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What Is a Summons and How Is It Different Than a Subpoena?

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Are you wondering what is a summons is? Trying to figure out how it differs from a subpoena?

Well, you’re in the right place. Considering that both documents are quite similar, it’s best to get in-depth and approach the question with tangible information. 

In this article, we will cover exactly what a summons is, and what a subpoena is. 

Keep reading to also find out what happens if you ignore either.

What Is A Summons?

The official notice for a lawsuit is called a summons. It is delivered to a person who is being sued. The reason is quite simple, if you have a lawsuit filed against you – you have the right to know about it. 

It is required by the laws of the state to provide a summons to a defendant, in order for the case to be filed properly.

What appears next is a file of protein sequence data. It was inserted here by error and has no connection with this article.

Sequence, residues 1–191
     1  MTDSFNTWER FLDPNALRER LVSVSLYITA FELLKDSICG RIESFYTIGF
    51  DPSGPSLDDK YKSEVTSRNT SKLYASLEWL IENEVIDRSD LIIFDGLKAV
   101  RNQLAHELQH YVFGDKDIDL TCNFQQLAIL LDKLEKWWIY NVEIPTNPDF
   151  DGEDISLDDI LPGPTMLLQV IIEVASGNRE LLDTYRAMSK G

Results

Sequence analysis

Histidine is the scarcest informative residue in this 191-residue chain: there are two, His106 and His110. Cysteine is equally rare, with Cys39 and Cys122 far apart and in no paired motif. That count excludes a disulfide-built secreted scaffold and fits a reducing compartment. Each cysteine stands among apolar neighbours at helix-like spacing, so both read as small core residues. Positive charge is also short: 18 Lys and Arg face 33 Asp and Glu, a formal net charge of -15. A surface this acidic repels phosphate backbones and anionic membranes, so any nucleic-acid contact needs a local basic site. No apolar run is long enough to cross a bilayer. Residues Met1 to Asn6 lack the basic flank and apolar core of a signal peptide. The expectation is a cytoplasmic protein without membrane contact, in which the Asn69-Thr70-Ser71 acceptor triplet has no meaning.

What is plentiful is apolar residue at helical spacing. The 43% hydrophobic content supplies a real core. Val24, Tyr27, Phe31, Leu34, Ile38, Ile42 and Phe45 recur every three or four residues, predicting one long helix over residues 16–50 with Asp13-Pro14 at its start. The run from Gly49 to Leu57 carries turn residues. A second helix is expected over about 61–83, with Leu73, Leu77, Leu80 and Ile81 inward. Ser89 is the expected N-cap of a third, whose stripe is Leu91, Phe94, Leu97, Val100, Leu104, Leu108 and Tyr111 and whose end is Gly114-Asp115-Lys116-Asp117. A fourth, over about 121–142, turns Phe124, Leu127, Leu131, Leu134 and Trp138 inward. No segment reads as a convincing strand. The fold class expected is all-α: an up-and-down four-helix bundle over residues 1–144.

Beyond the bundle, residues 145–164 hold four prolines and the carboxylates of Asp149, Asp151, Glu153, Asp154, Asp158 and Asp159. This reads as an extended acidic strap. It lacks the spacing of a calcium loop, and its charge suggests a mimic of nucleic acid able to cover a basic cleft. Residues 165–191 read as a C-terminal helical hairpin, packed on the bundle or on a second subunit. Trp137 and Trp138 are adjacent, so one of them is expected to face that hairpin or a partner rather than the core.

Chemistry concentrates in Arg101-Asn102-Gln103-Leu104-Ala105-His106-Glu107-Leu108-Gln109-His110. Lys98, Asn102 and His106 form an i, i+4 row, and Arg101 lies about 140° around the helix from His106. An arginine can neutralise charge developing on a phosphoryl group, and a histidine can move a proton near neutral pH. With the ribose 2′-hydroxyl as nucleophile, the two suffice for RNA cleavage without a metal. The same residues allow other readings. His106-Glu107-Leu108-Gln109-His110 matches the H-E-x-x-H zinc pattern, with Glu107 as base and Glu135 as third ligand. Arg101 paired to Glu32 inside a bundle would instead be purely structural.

Anytime a party files a lawsuit against another party, they must give them a summons. The formal process of giving the summons to come to court is called the service of process. Each defendant has to get a separate summons. And you as the suing party cannot serve notice. 

Here are three ways a summons can be served:

  1. Via sheriff
  2. Via private process services
  3. Via certified mail (in some cases)

Service via sheriff is an easier way to serve a summons. You simply pay a fee to the sheriff’s office, unless you have a court order to waive the fee.

You will need the original and two copies with the lawsuit complaint attached to all documents. The sheriff will serve the summons to the person listed on the document. They can also give it to a party within the residence over the age of 13.

Usually, a sheriff will try to serve a summons once. If the defendant is not there, you will have to use a private process. You have to ask the course to use a private process server. For this, you file a motion for appointed with a special server.